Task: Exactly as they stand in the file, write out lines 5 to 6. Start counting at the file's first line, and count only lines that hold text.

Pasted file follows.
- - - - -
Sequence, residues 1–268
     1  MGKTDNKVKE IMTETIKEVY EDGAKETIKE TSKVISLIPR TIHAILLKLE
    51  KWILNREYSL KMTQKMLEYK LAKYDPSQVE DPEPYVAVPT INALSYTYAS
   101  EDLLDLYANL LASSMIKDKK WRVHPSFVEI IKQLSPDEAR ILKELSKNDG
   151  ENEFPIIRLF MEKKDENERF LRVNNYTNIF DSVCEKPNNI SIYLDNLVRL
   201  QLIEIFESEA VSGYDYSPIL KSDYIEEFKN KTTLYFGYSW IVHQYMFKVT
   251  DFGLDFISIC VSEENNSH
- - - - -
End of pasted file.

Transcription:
   151  ENEFPIIRLF MEKKDENERF LRVNNYTNIF DSVCEKPNNI SIYLDNLVRL
   201  QLIEIFESEA VSGYDYSPIL KSDYIEEFKN KTTLYFGYSW IVHQYMFKVT